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Re-imagining Baltimore’s Inner Harbor as a place for residents rather than tourists | COMMENTARY

View of the Inner Harbor and Harbor East from Federal Hill with Rash Field in the foreground. Feb. 16, 2021 p1
View of the Inner Harbor and Harbor East from Federal Hill with Rash Field in the foreground. Feb. 16, 2021 p1 (Amy Davis)

Stand on the edge of Federal Hill Park and look out on Baltimore; it’s an amazing view. Look closely, however, and you’ll notice the Inner Harbor’s visible signs of neglect and decay. You’ll also notice skyline additions shifting our city center eastward, a vacuum more than expansion.

Now close your eyes and imagine people across time taking in that same view from the hill. Our native predecessors looked out over a grassy shoreline and woodland streams long before “Baltimore” existed. In recent centuries, people originating from all corners of the globe — arriving by choice, circumstance or capture — have rebuilt Baltimore many times over. Our cultural inheritance today is the sum of their experiences: booms and busts, triumphs and tragedies, hierarchies of power and privilege, and uprisings of resistance and resilience.

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We live in uncertain and troubled times, times ripe for transformative change. With new leadership in City Hall and the City Council, and thousands of engaged citizens taking action to improve their communities through volunteer, nonprofit and entrepreneurial initiatives, now is the time to collectively determine the Inner Harbor’s next act.

In 2019, a Baltimore judge appointed a receiver to take control of the pavilions on Pratt and Light streets, because the pavilions’ owner couldn’t afford to run it. Before a new owner demolishes or renovates Harborplace, we should commit to designing a central public place that reflects and serves the people of Baltimore.

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While there are valuable anchor institutions within the Inner Harbor, the bulk of its attractions constitute an expensive playground for visitors and too often exclude the people and compelling stories of our city. And any benefits from the tourist economy have never extended far from the waterfront: Walk just a few blocks east or west, and you’ll find communities that continue to endure unconscionable levels of structural racism, disinvestment and poverty.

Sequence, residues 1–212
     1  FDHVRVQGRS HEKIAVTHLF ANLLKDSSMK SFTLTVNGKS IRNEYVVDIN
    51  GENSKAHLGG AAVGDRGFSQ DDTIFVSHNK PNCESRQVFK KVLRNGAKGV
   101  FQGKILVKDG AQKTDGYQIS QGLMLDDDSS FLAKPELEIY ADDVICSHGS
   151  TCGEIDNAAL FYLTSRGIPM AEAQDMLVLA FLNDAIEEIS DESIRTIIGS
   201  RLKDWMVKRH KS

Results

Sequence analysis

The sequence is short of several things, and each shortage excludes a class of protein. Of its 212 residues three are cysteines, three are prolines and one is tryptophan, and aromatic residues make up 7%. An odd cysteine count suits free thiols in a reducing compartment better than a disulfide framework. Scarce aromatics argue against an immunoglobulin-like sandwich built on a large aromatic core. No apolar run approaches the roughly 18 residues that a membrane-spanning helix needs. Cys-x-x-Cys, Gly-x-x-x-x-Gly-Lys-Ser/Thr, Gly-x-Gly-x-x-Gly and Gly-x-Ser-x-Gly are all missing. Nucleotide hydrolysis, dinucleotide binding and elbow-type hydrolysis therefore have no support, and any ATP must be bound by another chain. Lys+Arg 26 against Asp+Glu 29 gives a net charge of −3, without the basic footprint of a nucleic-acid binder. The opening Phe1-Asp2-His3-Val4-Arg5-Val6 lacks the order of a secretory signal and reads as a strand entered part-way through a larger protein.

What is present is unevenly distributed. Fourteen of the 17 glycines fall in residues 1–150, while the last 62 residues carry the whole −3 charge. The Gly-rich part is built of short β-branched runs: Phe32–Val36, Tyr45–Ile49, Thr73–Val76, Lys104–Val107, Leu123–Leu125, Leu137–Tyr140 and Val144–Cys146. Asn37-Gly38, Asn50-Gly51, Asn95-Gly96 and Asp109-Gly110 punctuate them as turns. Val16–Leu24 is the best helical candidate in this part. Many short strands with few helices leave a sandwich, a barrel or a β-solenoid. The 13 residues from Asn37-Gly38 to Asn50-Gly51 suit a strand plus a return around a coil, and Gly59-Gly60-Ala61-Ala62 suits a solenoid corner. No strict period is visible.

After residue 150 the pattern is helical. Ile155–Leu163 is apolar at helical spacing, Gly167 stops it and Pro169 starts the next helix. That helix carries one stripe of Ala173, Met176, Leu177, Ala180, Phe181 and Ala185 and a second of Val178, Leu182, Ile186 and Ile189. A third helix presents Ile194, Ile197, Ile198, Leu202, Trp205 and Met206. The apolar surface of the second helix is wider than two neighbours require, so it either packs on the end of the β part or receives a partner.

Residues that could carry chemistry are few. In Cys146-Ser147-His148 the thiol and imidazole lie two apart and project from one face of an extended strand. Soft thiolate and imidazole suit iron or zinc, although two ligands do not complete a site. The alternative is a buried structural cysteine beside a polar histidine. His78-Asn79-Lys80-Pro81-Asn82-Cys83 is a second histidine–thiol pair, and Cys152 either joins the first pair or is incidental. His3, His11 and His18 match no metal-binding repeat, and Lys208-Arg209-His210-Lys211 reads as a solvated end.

The fundamental question has always been: Whose Harbor is this? As city residents and local educators, we believe that we now have a once-in-a-generation opportunity to re-imagine a harbor that’s of, by and for the people of Baltimore — a shared public place that tells our diverse stories with courage and imagination, while inviting us to connect with Baltimore beyond the harbor.

For example, re-imagine the Harbor not as a destination, but as a hub, connecting residents and visitors to authentic Baltimore neighborhoods and institutions. In addition to recreation and enjoyment, the Harbor can become a space for learning, culture, social enterprises, civic participation and more.

Any redesign should begin by affirming that process — both lively and inclusive — matters as much as plans and products. We must engage individuals who represent the city’s many communities in the design and forge a vision from their aspirations and goals. City leaders could create a working group structured to truly represent diverse city stakeholders and provide them with the resources and authority to lead an engaged planning process.

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Let’s create a harbor that takes our city’s complex history seriously and catalyzes action for our future. A restorative start would be a truth and reconciliation process that places voices and visions of those who have been historically excluded and disenfranchised front and center. What healing invocations can we imagine, and what social change might flow from that kind of hub as our city center?

As a majority-Black city, we should pay particular attention to lifting up Baltimore’s African-American stories, communities and institutions. Let’s create a harbor that speaks truths to white supremacy, and is a catalyst for conversations and actions that disrupt racist structures and construct equitable ways of living together. There may be no city in America able to tell so many different strands of African-American history and culture as Baltimore. Let’s create a harbor that teaches and celebrates this living legacy.

Baltimore also epitomizes our “nation of immigrants” story. Let’s create a hub for retracing the courageous journeys of wave after wave of newcomers who are still bringing the world to Baltimore. By teaching and celebrating these stories, we can become a welcoming city for generations to come.

There are many more narratives we can imagine calling us in and sending us back out, enriched from this Harbor hub, stories of labor and industry, of creativity and the arts, of diverse natural environments and parks, of historic markets and food cultures, of social movements and of scores of unique neighborhoods.

Let’s make Baltimore a bold model of a city center that speaks truths, addresses inequities, heals and sustains our communities, and lifts up and celebrates the lives and contributions of its people.

Look again at those aging pavilions; what will you imagine for our Baltimore?

Sally J. Scott (sjscott@umbc.edu) is director of Community Leadership Programs at UMBC, where Joby Taylor (joby.taylor@umbc.edu) is director of the Shriver Peaceworker Program.

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